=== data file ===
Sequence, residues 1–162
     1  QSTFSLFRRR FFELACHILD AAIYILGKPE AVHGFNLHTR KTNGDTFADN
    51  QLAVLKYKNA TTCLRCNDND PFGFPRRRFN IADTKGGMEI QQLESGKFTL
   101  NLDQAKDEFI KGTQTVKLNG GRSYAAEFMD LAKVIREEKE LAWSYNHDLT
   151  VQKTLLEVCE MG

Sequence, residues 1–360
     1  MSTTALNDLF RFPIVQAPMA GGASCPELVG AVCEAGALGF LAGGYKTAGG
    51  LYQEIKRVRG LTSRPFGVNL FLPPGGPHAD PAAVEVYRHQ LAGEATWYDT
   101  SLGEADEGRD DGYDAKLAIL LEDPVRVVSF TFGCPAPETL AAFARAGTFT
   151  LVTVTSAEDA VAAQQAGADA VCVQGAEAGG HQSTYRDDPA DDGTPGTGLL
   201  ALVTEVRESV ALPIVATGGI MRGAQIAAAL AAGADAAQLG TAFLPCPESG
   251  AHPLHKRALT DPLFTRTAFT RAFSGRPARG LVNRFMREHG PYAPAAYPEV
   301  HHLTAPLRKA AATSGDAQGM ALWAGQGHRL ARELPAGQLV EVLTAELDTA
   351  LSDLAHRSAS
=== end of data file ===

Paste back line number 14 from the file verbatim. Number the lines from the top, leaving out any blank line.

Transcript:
   351  LSDLAHRSAS